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POWs Over Here, Over ere

German PO s here…

American PO s there…

Nearly 400,000 German POWs were brought to the United States during WWII. HistoryNet records e Not-So-Great Escape from Papago Park in Phoenix. A fascinating story of ingenuity that failed.

Only about one in four prisoners in Compound 1 were gainfully employed picking cotton and doing other chores, earning eighty cents a day in canteen credits, not US dollars. e Geneva Convention exempted officers and noncoms from work detail, allowing them to sleep late and spend their days plotting ways to get beyond the wire fences: sometimes just to look around and then return to their compound.

Ken Wood tells about his father, Ronald R. Wood, who was one of a number of farmers in the Avondale-Goodyear area employing German POWs in the latter stage of WWII. “Because our young men were off fighting to protect our country, these prisoners were a welcome sight to our farming community. In the 40’s, cotton and citrus at harvest time were the big labor demanding crops. I remember Dad coming in for supper and telling Mom, ‘It looks like now we’re going to have our cotton harvested before the rains begin.’ Mom was so happy she gave each of us kids a second helping of Jello pudding that evening!

“e best I can remember, we had about 40 or 50 German POWs working on our ranch and most were bussed in from Papago Park in East Phoenix: although some were housed on the West Side. My sister, Margaret, was only 3 or 4 years old, but my brother Pug, and I were intrigued to see men who only a few months ago were fighting our troops – and now they were working for my Dad! Pug, being the curious boy, infiltrated the working German crew while they were picking cotton and before long made friends with many of them.

“Pug and I developed a special relationship with one prisoner. He was assigned to oversee the others so we called him ‘e Guard.’ His name was Franz L. Grutchmen. It wasn’t long before Franz noticed that every evening we had to go down the lane almost a half mile and herd the cows back to the barn to milk them. It was the custom to run cattle on the dirt ditch to keep weeds under control. Franz had a great love for milk and he noticed we drove the cows past the fields they were working in about the same time each evening. Soon he was waiting for us with his mess kit to fill it up 2 or 3 times with rich, warm milk.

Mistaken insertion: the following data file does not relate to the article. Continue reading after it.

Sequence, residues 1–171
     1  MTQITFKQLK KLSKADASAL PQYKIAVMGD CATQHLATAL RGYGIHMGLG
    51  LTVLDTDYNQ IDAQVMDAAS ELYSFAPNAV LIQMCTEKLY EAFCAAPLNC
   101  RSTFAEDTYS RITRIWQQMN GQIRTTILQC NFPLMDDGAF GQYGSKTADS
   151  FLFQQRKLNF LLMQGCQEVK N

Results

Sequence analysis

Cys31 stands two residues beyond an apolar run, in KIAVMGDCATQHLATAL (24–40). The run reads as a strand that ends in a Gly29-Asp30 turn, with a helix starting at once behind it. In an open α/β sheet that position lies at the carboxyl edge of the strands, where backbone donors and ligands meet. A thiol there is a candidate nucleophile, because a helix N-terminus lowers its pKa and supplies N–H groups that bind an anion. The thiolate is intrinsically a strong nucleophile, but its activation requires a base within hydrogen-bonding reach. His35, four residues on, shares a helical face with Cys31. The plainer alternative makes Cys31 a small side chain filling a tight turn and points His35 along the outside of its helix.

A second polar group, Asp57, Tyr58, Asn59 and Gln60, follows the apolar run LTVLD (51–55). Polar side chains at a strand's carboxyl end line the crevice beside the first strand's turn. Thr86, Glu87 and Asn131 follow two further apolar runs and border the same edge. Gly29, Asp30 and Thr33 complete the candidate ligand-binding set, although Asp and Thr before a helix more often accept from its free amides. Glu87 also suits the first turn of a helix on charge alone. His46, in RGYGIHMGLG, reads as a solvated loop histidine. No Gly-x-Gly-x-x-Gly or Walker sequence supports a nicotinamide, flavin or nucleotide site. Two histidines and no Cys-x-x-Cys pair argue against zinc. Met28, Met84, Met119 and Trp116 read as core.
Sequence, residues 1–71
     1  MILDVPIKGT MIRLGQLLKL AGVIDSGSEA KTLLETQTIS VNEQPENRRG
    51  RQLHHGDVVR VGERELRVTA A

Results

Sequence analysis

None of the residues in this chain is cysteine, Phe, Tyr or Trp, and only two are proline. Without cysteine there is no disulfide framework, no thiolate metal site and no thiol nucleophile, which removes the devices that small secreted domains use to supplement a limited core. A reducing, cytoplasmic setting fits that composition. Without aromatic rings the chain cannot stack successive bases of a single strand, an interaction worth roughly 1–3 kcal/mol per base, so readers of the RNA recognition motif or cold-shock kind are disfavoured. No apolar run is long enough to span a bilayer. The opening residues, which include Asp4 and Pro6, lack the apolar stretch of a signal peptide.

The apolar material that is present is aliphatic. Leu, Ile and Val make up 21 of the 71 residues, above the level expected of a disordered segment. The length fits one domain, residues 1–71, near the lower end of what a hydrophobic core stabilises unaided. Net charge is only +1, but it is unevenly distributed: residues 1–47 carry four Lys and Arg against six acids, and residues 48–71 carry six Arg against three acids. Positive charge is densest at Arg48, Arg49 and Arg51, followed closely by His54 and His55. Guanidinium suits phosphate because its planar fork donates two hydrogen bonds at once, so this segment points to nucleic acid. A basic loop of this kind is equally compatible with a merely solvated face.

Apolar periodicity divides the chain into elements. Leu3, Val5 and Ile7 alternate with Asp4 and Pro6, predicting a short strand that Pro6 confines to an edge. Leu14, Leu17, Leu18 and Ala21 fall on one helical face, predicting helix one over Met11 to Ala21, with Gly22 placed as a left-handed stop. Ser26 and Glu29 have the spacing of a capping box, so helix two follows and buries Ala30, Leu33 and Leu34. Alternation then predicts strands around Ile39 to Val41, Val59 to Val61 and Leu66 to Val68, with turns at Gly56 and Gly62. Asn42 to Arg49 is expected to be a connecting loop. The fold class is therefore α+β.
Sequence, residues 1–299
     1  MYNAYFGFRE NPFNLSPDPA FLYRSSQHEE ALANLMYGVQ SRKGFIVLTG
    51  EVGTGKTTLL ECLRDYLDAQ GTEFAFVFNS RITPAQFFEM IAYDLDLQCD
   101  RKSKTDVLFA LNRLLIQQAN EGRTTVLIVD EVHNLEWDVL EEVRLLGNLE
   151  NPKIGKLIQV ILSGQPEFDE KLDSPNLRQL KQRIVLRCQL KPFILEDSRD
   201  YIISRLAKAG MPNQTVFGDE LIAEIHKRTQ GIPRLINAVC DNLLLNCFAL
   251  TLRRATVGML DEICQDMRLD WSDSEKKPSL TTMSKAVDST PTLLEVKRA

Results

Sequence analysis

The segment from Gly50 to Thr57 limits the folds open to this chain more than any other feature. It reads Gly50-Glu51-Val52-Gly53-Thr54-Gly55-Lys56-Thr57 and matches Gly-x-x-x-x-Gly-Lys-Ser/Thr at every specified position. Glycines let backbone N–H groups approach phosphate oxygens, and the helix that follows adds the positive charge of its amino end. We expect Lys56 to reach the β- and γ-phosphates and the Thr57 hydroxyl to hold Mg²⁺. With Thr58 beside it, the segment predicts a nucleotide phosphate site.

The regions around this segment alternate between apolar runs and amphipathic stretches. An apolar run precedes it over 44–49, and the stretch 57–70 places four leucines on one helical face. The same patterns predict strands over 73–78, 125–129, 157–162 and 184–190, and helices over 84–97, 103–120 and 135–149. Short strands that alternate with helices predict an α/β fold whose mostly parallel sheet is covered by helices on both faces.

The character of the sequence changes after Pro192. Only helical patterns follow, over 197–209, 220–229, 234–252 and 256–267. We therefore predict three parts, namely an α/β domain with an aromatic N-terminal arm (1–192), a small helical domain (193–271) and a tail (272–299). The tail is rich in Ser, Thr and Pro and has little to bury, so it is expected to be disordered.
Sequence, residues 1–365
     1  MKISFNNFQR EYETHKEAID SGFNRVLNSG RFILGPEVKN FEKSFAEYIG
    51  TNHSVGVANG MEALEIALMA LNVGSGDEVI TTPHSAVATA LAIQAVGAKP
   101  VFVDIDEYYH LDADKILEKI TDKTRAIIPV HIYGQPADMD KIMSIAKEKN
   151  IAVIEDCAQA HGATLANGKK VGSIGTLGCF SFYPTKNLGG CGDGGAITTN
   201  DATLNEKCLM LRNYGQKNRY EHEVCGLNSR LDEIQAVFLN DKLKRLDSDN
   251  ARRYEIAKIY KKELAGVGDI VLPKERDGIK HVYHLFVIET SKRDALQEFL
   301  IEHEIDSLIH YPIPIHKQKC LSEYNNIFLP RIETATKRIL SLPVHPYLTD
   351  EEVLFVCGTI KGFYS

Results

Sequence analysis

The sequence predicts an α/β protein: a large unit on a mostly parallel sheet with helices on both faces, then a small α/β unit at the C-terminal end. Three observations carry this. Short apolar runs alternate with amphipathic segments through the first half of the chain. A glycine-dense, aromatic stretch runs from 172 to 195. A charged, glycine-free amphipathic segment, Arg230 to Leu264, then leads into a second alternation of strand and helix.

“ey told us they weren’t against Americans as the hard- coreNazis soldiers were, but they were forced into the military against their will. Franz and I communicated a number of times by mail after he returned home to Germany.”

Richard O’Donnell from Pebble Creek, tells about being a POW in Germany. He does not like to talk about it. In fact his wife, Glo, said she didn’t know that he had been a POW until about three years after they were married when she overheard him talking with another POW. Richard would rather play tennis.

O’Donnell joined the Army Air Corps on Sept. 17, 1942. He became a navigator on a B-17, assigned to a bomb group in England in the 8th Air Force and flew missions over Europe. “We got there just before D Day but we didn’t get to participate because we weren’t checked out. We started flying shortly after.”

His plane was shot down. “We had to bail out and got captured. We were spread around Germany.” When first captured, O’Donnell was by himself. “e crew was eventually rounded up and I was put together with three of the gunners. We did not see the pilot or co-pilot. A couple of gunners were killed. We were marched to a town eleven miles away and incarcerated in the local courthouse. ey put us in a conference room and at night they put us in something like a dog pen with a guard

outside. ey didn’t feed us because we didn’t have ration cards. e harnesses on our parachutes had an escape kit attached and the guards allowed us to have the food that was in there.

t Richard O'Donnell WWII crew in front of plane. Richard was Navigator (front row on righ ), 8th Air Force, 3rd Division, 4th Wing, 447th Group, 709th Squadron

One of the gunners had a broken leg, close to a compound fracture, and they couldn’t provide medical service. ey let us take the morphine from our kits and we were able to control his pain somewhat. Finally, the German Air Force picked us up. en enlisted men and officers were separated. is was the last I saw of the gunners. I was given part of a loaf of bread and a hunk of bologna.

“I was taken by bus and train to an interrogation center just outside Frankfurt, put in solitary and left for awhile. Occasionally we heard someone screaming, ’Don’t do this and don’t do that … or, I want to talk.’ It was all staged. After a few days I was taken to a formal interrogator. Behind the desk was this fellow right out of Hollywood – Neat uniform, dagger, sword, everything. He spoke beautiful English. e interrogator asked me where the bombardier was, and called him by name. Name, rank and serial number...that’s all I would give him. We went through his little game for a while then he said, ‘I’ll tell you where he is. He was shot down before you. But, that’s where he made his mistake because I knew the bombardier was safe in the States. Prior to our trip overseas, the bombardiers were taken off the crews for


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